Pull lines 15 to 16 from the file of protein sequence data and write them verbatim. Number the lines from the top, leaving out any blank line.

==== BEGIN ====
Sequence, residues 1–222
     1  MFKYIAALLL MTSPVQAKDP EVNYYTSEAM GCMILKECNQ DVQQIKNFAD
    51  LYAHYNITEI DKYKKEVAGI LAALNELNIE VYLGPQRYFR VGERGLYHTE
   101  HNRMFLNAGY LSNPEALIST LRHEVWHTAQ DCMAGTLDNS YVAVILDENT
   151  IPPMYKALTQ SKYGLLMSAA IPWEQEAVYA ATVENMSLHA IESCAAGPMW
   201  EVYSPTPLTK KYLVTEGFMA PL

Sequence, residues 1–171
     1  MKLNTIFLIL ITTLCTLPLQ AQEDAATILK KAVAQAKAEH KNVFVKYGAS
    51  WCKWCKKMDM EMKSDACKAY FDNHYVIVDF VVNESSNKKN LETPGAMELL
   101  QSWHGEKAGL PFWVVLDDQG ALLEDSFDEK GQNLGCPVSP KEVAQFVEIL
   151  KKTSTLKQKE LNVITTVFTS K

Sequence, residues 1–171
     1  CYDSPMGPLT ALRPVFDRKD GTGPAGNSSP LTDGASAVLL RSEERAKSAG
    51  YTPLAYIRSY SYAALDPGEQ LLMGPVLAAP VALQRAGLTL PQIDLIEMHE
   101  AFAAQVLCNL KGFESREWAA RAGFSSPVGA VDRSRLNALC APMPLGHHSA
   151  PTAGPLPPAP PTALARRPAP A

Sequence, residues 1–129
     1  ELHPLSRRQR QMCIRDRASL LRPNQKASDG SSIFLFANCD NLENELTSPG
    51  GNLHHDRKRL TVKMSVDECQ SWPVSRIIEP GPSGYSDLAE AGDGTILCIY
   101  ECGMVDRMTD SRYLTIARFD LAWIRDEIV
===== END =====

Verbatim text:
   101  AFAAQVLCNL KGFESREWAA RAGFSSPVGA VDRSRLNALC APMPLGHHSA
   151  PTAGPLPPAP PTALARRPAP A